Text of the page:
BISMARCK, N.D. — The National Weather Service plans to beef up its weather warnings during this year's thunderstorm and tornado season in the central U.S. to give the public a better indication of the potential impact of storms, including the amount of damage expected.
The effort is in response to studies of devastating storms in 2011, particularly a tornado in Joplin, Mo., that killed 161 people, injured hundreds of others and damage or destroyed thousands of homes and businesses.
"The purpose is to provide better communication ... and give a better picture of the threat," John Paul Martin, a warning coordination meteorologist in the North Dakota capital of Bismarck, told The Bismarck Tribune. "The idea is to get people to take appropriate action."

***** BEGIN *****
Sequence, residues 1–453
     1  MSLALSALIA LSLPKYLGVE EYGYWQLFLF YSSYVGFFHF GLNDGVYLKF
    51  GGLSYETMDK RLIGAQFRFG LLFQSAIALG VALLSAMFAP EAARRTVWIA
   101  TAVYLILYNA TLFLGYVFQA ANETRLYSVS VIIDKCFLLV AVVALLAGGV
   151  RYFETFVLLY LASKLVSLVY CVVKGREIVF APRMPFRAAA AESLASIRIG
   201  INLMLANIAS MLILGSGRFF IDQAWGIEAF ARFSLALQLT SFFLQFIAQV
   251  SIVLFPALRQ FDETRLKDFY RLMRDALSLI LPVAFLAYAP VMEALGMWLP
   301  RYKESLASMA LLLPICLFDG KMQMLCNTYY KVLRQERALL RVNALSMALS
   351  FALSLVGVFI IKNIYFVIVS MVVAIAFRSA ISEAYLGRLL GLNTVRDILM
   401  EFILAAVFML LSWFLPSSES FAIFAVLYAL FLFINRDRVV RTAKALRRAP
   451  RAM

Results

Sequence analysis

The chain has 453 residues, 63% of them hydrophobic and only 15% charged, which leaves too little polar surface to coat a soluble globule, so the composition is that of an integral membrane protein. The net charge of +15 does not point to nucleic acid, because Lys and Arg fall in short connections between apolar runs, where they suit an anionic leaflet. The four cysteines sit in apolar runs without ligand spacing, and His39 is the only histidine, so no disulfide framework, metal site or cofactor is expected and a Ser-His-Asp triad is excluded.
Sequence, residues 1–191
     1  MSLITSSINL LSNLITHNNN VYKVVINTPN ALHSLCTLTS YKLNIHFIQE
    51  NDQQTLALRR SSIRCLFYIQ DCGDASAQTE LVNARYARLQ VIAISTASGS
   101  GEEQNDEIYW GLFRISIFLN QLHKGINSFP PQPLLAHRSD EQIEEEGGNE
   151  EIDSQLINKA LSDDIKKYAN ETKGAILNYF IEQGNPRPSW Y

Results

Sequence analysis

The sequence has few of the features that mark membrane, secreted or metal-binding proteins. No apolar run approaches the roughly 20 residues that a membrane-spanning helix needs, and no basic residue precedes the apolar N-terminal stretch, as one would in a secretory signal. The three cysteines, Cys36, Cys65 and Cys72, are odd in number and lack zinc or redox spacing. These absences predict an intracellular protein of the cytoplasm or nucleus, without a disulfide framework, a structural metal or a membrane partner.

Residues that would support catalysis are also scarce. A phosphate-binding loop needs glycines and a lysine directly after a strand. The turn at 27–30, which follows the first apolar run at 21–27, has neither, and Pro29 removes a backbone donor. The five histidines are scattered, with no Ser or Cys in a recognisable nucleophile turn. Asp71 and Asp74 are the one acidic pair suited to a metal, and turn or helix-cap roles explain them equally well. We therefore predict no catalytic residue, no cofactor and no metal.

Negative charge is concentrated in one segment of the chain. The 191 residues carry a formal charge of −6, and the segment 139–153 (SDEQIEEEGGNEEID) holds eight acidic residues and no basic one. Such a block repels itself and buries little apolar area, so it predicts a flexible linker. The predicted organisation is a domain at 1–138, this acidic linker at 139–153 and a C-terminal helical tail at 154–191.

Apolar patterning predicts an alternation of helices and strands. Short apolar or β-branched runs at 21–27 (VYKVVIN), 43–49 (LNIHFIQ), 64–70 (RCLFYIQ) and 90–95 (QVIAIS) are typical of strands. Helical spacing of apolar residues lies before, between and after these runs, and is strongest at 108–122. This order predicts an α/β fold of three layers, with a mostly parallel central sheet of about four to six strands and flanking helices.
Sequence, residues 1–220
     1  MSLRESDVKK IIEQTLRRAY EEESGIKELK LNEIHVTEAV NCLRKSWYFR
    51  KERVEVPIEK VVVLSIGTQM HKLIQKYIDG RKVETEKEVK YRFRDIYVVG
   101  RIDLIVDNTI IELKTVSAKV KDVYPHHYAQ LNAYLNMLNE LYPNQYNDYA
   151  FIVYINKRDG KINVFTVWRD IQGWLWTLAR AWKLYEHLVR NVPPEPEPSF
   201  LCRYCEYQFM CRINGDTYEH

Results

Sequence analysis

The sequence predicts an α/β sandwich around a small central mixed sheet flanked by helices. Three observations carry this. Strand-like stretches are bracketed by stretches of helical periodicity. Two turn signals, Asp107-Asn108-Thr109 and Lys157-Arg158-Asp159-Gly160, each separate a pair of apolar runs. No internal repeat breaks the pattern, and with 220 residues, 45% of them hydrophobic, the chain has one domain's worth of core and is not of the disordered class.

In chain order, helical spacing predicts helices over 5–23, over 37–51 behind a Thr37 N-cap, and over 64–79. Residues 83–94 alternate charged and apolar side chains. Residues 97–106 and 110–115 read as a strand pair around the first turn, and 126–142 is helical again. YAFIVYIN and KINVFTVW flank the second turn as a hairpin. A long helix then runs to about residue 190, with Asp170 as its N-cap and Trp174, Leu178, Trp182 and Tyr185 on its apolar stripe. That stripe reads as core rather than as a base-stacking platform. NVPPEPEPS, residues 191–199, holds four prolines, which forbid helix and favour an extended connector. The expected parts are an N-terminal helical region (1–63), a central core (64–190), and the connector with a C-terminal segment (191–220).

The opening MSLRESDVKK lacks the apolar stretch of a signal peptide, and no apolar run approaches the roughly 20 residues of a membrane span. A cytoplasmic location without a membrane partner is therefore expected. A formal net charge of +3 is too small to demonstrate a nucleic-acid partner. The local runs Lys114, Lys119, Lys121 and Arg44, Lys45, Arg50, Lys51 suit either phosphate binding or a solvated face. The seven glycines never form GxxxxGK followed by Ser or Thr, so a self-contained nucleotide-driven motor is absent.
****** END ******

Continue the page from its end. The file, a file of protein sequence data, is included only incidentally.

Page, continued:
Basic thunderstorm and tornado warnings from the weather service will remain the same, but they also now will include more specific information on a storm's intensity and potential damage, Martin said. There will be two categories of potential damage — "considerable" and "catastrophic."
The "Impact Based Warnings" system will be launched in April by 38 weather service offices in 14 states and will continue through November. It is an expansion of a 2012 experiment in five weather service offices.
The success of the system ultimately will be evaluated using an independent research group and feedback from the public, according to Jim Keeney, weather program manager at the weather service's central region headquarters in Kansas City.